The Digest

In Search of the American Orange & Other News

23rd June 2017

Words: James Hansen

Orange groves

In this week’s food media round-up: recipe sharing through the ages, the effect of climate change on coffee, the enduring nostalgia of ice cream and a lament for the American orange

Wyatt Williams examines America’s relationship with oranges for The Oxford American. Framed by John McPhee’s cultural history of the fruit – Oranges its wryly brief title – Williams details the changing relationship between consumers and growers as orange juice concentrate became the product du jour. Retracing McPhee’s journey from Florida to California, with passages from the book like roadsigns in the dark, he maps Florida’s irrevocable slide from bags of orange fruit to bottles of orange pills, as greening disease ravages orange groves that once were laden with fruit, like “golden lamps in a green night“.

A cooling photoessay at National Geographic follows: a condensed history of ice cream. July is National Ice Cream Month in the USA, as decreed by Ronald Reagan, but the images do not discriminate in inducing a craving for the frozen treat. From the punning “Hoot Hoot I Scream” kiosk (complete with owl-shaped design) to the animated exchange taking place over two 99s (hold the flake) in “Cones and Conversation”, the indelible place of sweet and creamy cold stuff in our culture is celebrated in all its glory. We’ll take a lemon sorbet – in a cup, not a cone – on a hot Mediterranean evening, as the sun tucks itself into bed.

Bee Wilson reflects on the changing face of recipe culture through the ages – what we share and how we share it – in a pleasingly long read for Observer Food Monthly. “Recipes are amazing things, somewhere between magic potions and passports to a different way of living. They take dishes that belong to one cook and teleport them to another.” As those who invent relinquish ownership in favour of dissemination, the world’s palate develops for the better; those who produce food for a living have more willing consumers, but their tongues are perhaps more discriminating, their brains (and Twitter feeds) more full of knowledge. When the recipes are one’s own, it’s hard to argue with Nigella Lawson’s view that “return[ing] to her own recipes, it can be like an encounter with her younger self”. For more evidence of social media’s culinary might, we can’t resist sharing this gem from last week. Hat-tip to Jeff Lewis.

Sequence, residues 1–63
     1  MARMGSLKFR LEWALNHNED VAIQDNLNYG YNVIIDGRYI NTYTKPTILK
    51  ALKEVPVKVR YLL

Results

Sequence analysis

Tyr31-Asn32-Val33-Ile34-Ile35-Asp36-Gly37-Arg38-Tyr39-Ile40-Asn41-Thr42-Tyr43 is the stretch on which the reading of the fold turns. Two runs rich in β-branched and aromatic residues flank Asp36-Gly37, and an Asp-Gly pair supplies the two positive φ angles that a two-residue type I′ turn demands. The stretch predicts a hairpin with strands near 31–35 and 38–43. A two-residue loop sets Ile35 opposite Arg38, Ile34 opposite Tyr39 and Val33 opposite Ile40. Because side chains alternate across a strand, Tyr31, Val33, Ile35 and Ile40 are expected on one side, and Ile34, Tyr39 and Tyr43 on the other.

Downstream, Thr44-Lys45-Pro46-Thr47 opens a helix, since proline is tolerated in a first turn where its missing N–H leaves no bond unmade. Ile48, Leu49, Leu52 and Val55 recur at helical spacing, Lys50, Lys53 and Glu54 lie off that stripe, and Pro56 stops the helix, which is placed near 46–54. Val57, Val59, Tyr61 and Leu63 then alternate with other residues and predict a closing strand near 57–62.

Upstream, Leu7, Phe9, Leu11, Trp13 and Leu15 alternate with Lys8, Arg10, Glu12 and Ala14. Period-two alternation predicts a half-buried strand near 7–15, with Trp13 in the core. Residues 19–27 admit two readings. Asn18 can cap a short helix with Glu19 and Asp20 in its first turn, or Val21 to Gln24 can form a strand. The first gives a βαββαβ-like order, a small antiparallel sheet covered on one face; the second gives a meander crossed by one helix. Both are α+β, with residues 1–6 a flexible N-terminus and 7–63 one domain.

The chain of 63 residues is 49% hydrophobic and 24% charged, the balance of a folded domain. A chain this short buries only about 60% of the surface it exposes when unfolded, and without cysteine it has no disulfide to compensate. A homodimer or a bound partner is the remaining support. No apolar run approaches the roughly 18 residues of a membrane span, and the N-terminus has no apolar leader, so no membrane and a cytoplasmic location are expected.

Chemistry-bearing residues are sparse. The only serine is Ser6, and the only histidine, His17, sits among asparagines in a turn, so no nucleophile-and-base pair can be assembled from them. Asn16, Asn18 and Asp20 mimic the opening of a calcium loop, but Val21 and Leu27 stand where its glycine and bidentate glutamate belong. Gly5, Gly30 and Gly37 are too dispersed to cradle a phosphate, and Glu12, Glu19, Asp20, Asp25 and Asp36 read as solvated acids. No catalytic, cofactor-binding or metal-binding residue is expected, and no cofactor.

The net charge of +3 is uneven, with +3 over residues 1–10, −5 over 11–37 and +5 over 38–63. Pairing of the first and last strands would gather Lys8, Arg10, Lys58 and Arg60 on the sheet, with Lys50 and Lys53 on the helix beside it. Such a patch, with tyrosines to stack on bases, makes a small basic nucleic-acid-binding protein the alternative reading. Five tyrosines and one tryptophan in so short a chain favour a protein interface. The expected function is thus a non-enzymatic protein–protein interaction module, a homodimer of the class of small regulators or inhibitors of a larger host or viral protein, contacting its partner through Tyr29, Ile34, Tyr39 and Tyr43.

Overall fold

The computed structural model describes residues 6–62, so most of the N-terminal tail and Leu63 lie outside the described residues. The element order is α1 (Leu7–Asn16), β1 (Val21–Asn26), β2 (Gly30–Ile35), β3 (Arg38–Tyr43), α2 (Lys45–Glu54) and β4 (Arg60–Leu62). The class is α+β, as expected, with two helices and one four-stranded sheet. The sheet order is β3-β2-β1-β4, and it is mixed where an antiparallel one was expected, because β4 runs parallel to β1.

Courtney Columbus examines the complex relationship between coffee and climate change over at NPR. Her piece focuses on Ethiopia – the birthplace of coffea arabica – and the dire consequences of the planet heating up. Arabica coffee grows at high altitude, between 1200 and 2200 metres above sea level: it thrives in cool temperatures. As lower elevations in this range become inhospitable, crops die off and farmers suffer. A suggested, if naive, solution is simply to move everything up – what this disregards is that coffee farming choices are often governed by geographical and economic limitations. When investment comes, measures can be taken, but for that the world needs to buy more coffee and pay more for it. Pair this with an investigation into the fraudulent world of the most iconic of tomatoes from Mari Uyehara at Taste.

The late film critic Roger Ebert rounds us off this week with an archive piece from 2010. Food writing is often heralded for its democracy: everybody eats, so to evoke a memory of food or drink is to evoke something for everybody, sometime, somewhere. This begs the question of what happens when we stop eating, here due to illness, and we’ll leave Roger to provide one of many answers:

So that’s what’s sad about not eating. The loss of dining, not the loss of food. It may be personal, but for me, unless I’m alone, it doesn’t involve dinner if it doesn’t involve talking. The food and drink I can do without easily. The jokes, gossip, laughs, arguments and shared memories I miss. Sentences beginning with the words, “Remember that time?” I ran in crowds where anyone was likely to break out in a poetry recitation at any time. Me too. But not me anymore. So yes, it’s sad. Maybe that’s why I enjoy this blog. You don’t realize it, but we’re at dinner right now.

Posted 23rd June 2017

In The Digest

 

Words: James Hansen

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